Many of the federal and state government funded employment programs focus on the needs of job seekers. However, unless there is sufficient demand from employers for workers with disability, improvements in services and the job readiness of people with disability will yield only marginal improvements in employment outcomes.[6]

On the business side, Australia’s GDP could be increased by $43 billion over the next decade if more Australians with disability were included in the national workforce.[7] Australian businesses also need to diversify their workforce if they are to avoid labour shortages resulting from demands for a more highly skilled workforce and the ageing population. These labour shortages will be more of an obstacle in industries undergoing the most growth.

The HGJTC initiative addresses these combined needs.

The demand-led brokerage model

The HGJTC initiative uses a demand-led brokerage model that starts with the employer and works backwards to prepare and match job seekers to specific jobs. The model uses an expert third party, that is a broker (in this case AND), to work with employers through four stages.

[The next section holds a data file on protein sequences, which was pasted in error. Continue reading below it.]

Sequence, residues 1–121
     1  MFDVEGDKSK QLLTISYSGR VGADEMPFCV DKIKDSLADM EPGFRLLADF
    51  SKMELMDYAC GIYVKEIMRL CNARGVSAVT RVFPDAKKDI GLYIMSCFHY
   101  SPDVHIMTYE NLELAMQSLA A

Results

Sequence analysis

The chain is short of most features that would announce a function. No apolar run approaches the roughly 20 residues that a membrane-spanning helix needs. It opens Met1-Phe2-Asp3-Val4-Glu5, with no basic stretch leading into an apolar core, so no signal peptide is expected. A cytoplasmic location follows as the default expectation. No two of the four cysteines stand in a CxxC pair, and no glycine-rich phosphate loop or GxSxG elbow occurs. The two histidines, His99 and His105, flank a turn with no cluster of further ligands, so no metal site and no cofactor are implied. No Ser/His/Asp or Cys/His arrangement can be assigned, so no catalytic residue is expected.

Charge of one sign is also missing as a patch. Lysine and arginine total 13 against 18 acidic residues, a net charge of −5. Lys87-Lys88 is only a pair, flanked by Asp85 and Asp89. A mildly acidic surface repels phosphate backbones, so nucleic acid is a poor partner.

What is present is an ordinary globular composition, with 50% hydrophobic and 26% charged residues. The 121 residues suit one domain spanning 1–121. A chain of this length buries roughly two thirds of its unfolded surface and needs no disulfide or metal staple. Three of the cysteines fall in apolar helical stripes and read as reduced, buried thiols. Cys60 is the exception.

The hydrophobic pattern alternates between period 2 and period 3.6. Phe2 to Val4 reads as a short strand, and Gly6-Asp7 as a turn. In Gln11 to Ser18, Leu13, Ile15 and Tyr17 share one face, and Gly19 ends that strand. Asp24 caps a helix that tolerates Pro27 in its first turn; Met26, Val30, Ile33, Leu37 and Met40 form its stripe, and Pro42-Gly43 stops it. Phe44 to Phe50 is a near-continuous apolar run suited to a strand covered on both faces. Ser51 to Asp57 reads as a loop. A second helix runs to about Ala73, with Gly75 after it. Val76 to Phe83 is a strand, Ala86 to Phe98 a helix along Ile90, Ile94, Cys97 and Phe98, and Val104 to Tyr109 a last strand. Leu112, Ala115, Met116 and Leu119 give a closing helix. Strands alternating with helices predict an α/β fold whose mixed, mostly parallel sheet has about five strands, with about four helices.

Demand-led brokerage model
Figure 1: Demand-led brokerage model
  1. Engage potential employers by helping them understand the value of hiring people with disability.
  2. Equip employers with knowledge about potential barriers people with disability might face in gaining employment in the organisation and support employers to better accommodate their needs.
  3. Deliver work ready candidates for the roles identified by the employer and assist in implementing employee support plans for suitable candidates.
  4. Review the strategy on an on-going basis with employers to ensure they are able to successfully implement new recruitment and retainment strategies for people with disability.

Outcomes to date

As at December 2016, six of the eight employers had moved through to the ‘Deliver’ phase. They had greater awareness of the diversity, skill level and talent of people with disability, and improved systems and processes to recruit and retain people with disability. Forty-four roles had been identified across the eight employers, 56 job seekers had participated in pre-employment training, and 15 people with disability had commenced and remained in jobs.